Christian Farrar is rapper from the skirts of Atlanta. He has been doing shows and releasing solo music since he was 14, he has also done some production work for a few local rappers. Christian has just released his first full-length solo mixtape in 4 years, entitled “Kaizen”.
I am not a big fan of the current state of rap/hip hop but have a few artists I check for. I personally think the lyrics and albums were a lot better about 15-20 years ago. But this album is one of the coolest I have heard in a while. Christian Farrar cleverly switches his flow up throughout the album and raps his verses with a lot of passion. Especially on tracks like “Addie”, “Alchemists”, “Numb5” and “Coast To Coast”.
These songs will all make great singles too, and are easily some of the best tracks on “Kaizen”, though I do like some of the more creatively eclectic stuff like the soulful “Drowning Flowers (Addiction) 1” and “George”. Track for track “Kaizen” shows Christian Farrar’s growth as an artist. Christian is one of the most interesting upcoming rap artists in the game and you have to respect the fact that he stepped up to the plate with a pretty creative set. The mixtape basically shows what you can produce if you believe in yourself.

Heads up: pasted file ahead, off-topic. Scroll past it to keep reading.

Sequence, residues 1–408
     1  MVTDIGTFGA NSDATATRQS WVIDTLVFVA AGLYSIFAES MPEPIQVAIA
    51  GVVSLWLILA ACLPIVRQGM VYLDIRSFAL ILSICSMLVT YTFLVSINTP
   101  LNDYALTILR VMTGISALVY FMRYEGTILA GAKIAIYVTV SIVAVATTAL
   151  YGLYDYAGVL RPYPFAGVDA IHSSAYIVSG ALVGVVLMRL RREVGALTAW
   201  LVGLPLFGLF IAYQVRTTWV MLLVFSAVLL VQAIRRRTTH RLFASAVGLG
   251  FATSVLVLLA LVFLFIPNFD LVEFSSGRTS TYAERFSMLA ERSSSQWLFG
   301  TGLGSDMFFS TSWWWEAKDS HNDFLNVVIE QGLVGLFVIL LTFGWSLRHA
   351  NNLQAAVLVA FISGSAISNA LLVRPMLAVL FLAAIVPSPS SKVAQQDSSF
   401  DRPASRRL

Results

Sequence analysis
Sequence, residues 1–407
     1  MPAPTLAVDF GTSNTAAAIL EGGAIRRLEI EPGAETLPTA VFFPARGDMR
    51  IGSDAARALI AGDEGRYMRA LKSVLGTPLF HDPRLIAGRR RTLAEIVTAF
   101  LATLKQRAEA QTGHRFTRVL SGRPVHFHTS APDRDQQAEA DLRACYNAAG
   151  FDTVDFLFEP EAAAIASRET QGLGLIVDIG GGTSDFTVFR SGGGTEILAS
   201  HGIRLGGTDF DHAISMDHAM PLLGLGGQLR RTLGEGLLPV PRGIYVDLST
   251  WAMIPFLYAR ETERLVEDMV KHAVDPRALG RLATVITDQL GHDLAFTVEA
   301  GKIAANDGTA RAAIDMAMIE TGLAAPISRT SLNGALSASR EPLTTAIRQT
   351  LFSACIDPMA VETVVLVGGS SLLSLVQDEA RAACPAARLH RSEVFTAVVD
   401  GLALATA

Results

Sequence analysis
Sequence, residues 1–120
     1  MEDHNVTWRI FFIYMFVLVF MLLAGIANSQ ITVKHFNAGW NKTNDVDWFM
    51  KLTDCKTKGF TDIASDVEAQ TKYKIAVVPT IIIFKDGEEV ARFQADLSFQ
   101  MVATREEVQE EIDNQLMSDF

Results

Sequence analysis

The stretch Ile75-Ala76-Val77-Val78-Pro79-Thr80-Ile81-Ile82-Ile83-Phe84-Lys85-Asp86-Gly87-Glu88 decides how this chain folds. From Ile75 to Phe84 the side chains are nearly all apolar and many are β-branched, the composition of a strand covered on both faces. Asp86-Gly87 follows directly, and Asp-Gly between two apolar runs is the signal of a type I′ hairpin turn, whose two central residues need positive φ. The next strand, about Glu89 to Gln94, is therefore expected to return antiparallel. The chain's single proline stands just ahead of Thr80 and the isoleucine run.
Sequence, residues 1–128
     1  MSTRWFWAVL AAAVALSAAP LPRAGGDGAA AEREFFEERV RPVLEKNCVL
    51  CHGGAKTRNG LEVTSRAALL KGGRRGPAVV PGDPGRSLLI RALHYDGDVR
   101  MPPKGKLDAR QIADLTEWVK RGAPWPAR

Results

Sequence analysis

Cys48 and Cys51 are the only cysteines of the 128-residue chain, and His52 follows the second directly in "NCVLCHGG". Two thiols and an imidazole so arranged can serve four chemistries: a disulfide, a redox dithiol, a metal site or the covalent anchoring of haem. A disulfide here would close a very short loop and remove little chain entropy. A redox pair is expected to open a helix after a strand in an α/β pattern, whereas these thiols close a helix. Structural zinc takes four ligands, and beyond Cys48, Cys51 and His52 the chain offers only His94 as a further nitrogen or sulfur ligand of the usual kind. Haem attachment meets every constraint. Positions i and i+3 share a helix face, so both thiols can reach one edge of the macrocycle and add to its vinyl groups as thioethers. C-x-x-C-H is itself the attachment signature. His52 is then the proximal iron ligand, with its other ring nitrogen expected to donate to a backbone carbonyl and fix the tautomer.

Another thing I like about the mixtape is that the production on each song is very organic sounding. The drums, basslines and especially the piano sounds are incredibly warm and well-rounded. Which sort of moves away from the tinny synthesizer sounds so often in vogue on a lot of hip-hop songs. This mixtape shows many sides of what can be considered a good contemporary rap recording – lots of samples, effects and modern technology, but always retaining an organic, almost real live sound. Even some major artists don’t quite get this ‘feel’ right on their albums. I’m not saying that “Kaizen” is perfect or flawless in any way, however, considering that it’s a mixtape and an independent recording, Christian Farrar and his production crew (if he has one!) have done a particularly interesting job all-round, in bringing an intriguing listen to our ears.
Often we listen to mixtapes or albums, where we’re almost forced to skip tracks before they nauseate us with boredom. This doesn’t happen on “Kaizen” because each track sounds different than the one before, and Christian makes sure that the production has some interesting turns to keep our attention fixed on the music. The rest is delivered by his rhymes and flow, which is simple and on point, without any overdone swagger or common braggadocio.
All in all “Kaizen” sounds like a good starting point for Christian Farrar, who can only go upwards from here!
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